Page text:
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GSA opposing new skyscraper safety codes

Sept. 8, 2008 at 3:37 PM   |   Comments

WASHINGTON, Sept. 8 (UPI) -- The U.S. General Services Administration says it opposes adopting some parts of a costly new set of safety design standards for future skyscrapers.

The GSA's fire safety engineer has asked a national council of engineers to scale back some of their ideas for new skyscraper requirements developed in response to the Sept. 11, 2001, terrorist attacks, The New York Times reported Monday.

The International Code Council, a non-profit association created in 1994 to try to develop a single national standard for building safety, is set next week to adopt safety codes recommended by the National Institute of Standards and Technology, the newspaper said. Among them are proposals to add more robust fireproofing and extra emergency stairwells.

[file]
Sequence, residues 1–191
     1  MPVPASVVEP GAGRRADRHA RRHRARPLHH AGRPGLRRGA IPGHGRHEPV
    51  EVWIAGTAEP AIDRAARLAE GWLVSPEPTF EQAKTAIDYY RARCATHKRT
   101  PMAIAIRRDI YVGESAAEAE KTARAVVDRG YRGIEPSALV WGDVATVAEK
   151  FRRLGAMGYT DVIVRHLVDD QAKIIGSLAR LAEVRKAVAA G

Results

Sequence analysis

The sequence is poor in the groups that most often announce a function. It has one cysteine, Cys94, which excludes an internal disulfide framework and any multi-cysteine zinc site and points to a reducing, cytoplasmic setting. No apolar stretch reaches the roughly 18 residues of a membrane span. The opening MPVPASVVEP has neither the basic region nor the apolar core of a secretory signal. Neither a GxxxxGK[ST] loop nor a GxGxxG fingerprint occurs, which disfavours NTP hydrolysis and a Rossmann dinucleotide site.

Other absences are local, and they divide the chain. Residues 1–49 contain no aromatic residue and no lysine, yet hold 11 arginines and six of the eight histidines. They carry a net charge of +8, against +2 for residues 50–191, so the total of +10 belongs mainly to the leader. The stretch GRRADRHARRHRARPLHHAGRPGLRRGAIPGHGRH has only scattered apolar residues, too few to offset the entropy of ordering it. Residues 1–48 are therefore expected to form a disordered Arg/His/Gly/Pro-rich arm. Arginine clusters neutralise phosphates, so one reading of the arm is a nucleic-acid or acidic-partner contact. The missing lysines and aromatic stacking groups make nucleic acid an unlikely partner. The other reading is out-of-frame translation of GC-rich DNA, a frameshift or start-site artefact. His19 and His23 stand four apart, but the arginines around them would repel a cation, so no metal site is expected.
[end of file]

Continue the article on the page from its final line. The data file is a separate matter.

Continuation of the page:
But the Times said David Frable of the GSA wrote the council opposing the provisions, saying that while it's obvious improvements need to be made, "the bigger question that needs to be answered is at what economic cost to society?"

"It is unbelievable to me that our tax dollars are being spent to fight safety improvements," Glenn Corbett of John Jay College in New York City told the newspaper. "They are trying to subvert necessary change."

© 2008 United Press International, Inc. All Rights Reserved. Any reproduction, republication, redistribution and/or modification of any UPI content is expressly prohibited without UPI's prior written consent.
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